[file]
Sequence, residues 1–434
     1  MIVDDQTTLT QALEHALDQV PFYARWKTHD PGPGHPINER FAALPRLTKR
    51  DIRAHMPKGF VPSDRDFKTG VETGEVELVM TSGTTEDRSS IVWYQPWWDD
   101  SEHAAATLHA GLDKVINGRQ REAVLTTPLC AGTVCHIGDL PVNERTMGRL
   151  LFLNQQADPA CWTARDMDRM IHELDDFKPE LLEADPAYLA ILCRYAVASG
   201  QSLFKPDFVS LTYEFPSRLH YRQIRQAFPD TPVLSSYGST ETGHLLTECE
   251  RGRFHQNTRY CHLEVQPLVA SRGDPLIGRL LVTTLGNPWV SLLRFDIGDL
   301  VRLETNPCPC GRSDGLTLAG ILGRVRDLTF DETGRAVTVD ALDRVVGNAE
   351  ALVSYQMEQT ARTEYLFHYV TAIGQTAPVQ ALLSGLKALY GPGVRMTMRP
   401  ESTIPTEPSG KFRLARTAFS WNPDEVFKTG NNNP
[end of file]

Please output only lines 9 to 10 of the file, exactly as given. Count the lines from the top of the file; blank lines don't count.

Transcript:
   351  ALVSYQMEQT ARTEYLFHYV TAIGQTAPVQ ALLSGLKALY GPGVRMTMRP
   401  ESTIPTEPSG KFRLARTAFS WNPDEVFKTG NNNP